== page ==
Here’s How Worms Get Into Your Brain And How To Prevent It



The Internet blew up recently on reports that Robert F. Kennedy Jr. had a worm in his brain.

Unfortunately, this medical problem, called neurocysticercosis, caused by larvae of the pork tapeworm, Taenia solium, is common worldwide. There are approximately 1,000 hospitalizations each year in the United States due to neurocysticercosis.

Unlike the fictional worms in “Star Trek2: Wrath of Khan,” that crawl into the brain through the ear, the real larvae in this situation are ingested and can reach not only the brain, but also multiple other organs of the body. Whether or not they cause a problem depends largely on where they end up.

How Does This Happen?

The phenomenon of cysticercosis occurs due to the interesting life cycle of the pork tapeworm, where humans can be infected two ways, which have very different effects. The first way, which leads to a tapeworm, is when humans ingest raw or undercooked pork, called “measly pork,” that contains live larval cysts. The pork meat digests in the bowel, thus releasing the larvae, which attach to the wall of the small intestine and mature into a tapeworm. In this situation, the human becomes a definitive host, because the tapeworm will spend its remaining days (up to two decades) living in the human intestine and producing thousands of eggs intermittently. Those eggs are passed in the feces and either go down the toilet, or if people don’t have toilets, the eggs can contaminate the local soil. The eggs can survive in soil for months, where they can be ingested by pigs.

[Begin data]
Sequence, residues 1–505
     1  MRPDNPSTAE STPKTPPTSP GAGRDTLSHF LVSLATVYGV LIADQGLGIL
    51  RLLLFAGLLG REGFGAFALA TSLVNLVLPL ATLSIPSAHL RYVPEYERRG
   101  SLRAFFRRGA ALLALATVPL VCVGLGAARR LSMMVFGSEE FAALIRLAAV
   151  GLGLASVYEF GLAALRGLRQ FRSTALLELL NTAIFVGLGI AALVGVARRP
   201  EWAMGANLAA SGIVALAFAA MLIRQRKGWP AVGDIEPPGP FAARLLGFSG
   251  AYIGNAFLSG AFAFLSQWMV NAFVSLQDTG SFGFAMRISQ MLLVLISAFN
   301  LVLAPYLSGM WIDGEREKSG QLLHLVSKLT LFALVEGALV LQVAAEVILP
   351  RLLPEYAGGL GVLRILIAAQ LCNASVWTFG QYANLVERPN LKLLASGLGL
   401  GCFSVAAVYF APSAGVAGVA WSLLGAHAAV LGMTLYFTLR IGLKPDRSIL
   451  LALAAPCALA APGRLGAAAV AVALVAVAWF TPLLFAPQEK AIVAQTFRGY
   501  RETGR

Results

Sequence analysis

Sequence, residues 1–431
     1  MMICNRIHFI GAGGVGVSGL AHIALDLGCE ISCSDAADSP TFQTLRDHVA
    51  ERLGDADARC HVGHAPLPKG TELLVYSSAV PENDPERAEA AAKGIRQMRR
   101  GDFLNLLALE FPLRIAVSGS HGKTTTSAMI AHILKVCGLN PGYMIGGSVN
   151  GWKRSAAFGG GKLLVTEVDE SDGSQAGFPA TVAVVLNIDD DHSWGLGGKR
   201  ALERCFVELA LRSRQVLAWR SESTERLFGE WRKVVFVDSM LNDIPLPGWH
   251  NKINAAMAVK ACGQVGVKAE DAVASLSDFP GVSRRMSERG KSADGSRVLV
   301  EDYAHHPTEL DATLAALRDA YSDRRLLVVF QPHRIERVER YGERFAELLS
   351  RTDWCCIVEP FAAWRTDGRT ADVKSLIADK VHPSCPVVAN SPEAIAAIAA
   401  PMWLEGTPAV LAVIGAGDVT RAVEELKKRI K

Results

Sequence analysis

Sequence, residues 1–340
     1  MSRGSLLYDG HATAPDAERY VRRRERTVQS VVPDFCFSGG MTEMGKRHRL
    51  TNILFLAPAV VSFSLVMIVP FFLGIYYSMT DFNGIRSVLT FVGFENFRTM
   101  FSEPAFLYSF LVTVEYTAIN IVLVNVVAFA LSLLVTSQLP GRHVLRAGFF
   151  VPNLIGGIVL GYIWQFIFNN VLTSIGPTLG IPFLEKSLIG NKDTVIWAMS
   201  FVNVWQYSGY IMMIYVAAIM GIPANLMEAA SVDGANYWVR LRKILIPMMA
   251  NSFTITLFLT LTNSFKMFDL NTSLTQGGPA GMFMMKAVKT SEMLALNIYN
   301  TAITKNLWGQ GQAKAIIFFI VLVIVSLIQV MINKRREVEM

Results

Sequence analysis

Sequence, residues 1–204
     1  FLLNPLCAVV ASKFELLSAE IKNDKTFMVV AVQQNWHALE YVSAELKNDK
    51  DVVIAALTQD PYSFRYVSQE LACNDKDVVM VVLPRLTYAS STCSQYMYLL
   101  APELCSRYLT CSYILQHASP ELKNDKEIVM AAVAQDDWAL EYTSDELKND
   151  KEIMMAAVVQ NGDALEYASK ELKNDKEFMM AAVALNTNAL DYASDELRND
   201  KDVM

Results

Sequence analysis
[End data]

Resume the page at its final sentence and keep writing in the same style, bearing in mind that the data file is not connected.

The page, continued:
The eggs hatch in the pigs into larvae, which creates cysts in the muscles (i.e. creating measly pork) and other organs. The life cycle is completed when humans eat the measly pork.

The second method of human infection leads to cysticercosis, which is called neurocysticercosis when the brain is involved. In this situation humans ingest food contaminated with human stool and tapeworm eggs. The food can be contaminated by food preparers who have a tapeworm and don’t wash their hands thoroughly after a bowel movement. Similarly, someone who already has a tapeworm can infect themselves by ingesting eggs if they don’t wash their hands before eating. The eggs hatch into larvae inside the human and travel throughout the body. In this situation, the human becomes an intermediate host, and the larvae never leave the body.

What Are The Manifestations Of Cysticercosis
Many people with cysticercosis are asymptomatic. Once the eggs are ingested, the larvae hatch in the bowel, penetrate the bowel wall and migrate through the blood to multiple areas of the body, frequently to areas that are immune “privileged,” such as the brain, eye, spinal cord. They can also be found in muscle and even the heart. CT scans of humans with a lot of larvae in their brains can look moth-eaten or like Swiss cheese. While alive, the larvae have a way of evading the immune system, so many individuals with cysticercosis can remain asymptomatic for several years.